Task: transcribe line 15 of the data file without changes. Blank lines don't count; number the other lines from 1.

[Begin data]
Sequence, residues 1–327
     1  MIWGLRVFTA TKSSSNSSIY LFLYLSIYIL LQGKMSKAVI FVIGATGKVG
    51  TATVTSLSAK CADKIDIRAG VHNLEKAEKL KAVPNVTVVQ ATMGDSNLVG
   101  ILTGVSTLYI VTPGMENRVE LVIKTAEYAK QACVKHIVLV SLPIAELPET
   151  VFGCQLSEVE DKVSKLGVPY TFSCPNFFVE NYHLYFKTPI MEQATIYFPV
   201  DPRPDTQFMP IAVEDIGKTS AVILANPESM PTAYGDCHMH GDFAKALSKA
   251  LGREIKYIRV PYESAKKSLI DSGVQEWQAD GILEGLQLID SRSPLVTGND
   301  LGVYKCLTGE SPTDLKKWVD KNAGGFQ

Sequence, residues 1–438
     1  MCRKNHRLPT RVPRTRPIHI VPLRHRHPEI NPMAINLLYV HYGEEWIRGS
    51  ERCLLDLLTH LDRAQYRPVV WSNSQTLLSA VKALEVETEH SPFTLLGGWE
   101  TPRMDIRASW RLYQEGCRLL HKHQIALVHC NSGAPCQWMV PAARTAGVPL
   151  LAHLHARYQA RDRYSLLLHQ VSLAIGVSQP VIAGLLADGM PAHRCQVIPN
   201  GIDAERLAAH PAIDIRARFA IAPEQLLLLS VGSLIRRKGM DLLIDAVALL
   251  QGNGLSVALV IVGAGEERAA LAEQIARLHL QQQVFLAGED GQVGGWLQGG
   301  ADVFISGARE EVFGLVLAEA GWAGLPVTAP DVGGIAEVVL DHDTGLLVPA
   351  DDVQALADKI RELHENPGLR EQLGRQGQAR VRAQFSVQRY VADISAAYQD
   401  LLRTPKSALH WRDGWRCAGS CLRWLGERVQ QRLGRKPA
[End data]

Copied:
   251  QGNGLSVALV IVGAGEERAA LAEQIARLHL QQQVFLAGED GQVGGWLQGG